"Oh, hey, great! It's summer!" you're thinking. "Time to shotgun a few beers, do a flip off the high dive while trying to catch a poorly thrown ball, and then see how long I can hold my breath under water." Classic summer.
Hear that noise? That's the sound of SwimAtlanta lifeguard Meredith Ashooh's whistle trying to get your attention and help you not die.
"The biggest rule is that you can't let people do flips off of here," she says referring to the pair of 3-meter high-dives at Emory University's Student Activity and Academic Center where she works as head lifeguard. "A lot of the college guys want to show off, so this is one of the higher risk areas. When you're at this [lifeguard] stand you've really got to be vigilant about enforcing rules."
The biggest mistake people make around pools? Drinking and swimming (which is prohibited at the SAAC), "because you overestimate your abilities when you drink." That's what she said. Literally.
With approximately one million gallons of water in the 50-meter Olympic-size pool and around 400-800 visitors a day during peak season, Ashooh has to stay alert — and fit.
"I work out a lot; lots of swimming to keep my endurance up. The majority of my training is weightlifting. I can deadlift 250 pounds. I can bench-press at about 120 pounds. I can back squat 200," says the 23-year-old nursing student and certified EMT.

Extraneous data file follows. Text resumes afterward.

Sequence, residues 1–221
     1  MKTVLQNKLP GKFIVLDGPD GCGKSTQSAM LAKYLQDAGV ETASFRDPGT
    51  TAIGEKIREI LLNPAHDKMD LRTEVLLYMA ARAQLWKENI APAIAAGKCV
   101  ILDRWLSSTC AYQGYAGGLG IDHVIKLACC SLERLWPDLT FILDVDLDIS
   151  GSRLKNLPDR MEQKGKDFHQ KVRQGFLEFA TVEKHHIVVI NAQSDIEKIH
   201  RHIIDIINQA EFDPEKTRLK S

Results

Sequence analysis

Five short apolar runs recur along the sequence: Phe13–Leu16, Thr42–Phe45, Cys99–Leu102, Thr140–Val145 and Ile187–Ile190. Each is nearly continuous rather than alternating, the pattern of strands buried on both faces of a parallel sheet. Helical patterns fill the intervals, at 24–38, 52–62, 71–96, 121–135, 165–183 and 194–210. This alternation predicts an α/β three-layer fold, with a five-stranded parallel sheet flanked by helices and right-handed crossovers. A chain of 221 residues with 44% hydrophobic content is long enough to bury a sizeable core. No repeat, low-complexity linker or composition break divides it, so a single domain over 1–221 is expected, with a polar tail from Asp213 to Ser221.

Just the Red Cross certification alone to become a lifeguard involves a 30-hour course and a series of tests, including treading water for two minutes without using your hands and the "infamous brick test, which is a timed event. You dive down to the bottom of the deep end, get a 10-pound brick, and swim back with it holding it above the water," she explains.
Every day when Ashooh gets to work, she grabs her keys and waterproof radio and walks around the pool checking for broken tiles and glass. But even once the pool's opened for the day, "I never sit. I'm constantly walking around the pool so I can get the best view of what's happening all the time," she says. "I'm the head guard here so I have to be very, very strict, especially with a pool of this size. I'm very alert and very stern because I supervise the other guards as well, so I have to set a good example."
Ashooh, who goes through more than 20 bottles of sunscreen a season, counts herself lucky to have a job where she gets to work outside and help people, even if it means constantly telling them what they shouldn't be doing.
"It's a very relaxed job until something happens," she says. "I always tell my guards, if you're bored you're doing it wrong."
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